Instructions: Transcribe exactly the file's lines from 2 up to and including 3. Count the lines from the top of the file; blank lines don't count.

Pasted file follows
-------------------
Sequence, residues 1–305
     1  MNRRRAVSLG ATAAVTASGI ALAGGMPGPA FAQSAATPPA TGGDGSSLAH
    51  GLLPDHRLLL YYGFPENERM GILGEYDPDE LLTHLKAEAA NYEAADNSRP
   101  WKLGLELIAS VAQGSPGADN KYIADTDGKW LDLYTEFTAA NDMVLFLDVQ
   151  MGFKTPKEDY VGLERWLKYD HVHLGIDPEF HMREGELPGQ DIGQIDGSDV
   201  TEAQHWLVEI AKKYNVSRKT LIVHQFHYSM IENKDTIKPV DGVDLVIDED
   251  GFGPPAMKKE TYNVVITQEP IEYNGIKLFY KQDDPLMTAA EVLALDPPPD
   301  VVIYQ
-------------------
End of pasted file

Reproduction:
     1  MNRRRAVSLG ATAAVTASGI ALAGGMPGPA FAQSAATPPA TGGDGSSLAH
    51  GLLPDHRLLL YYGFPENERM GILGEYDPDE LLTHLKAEAA NYEAADNSRP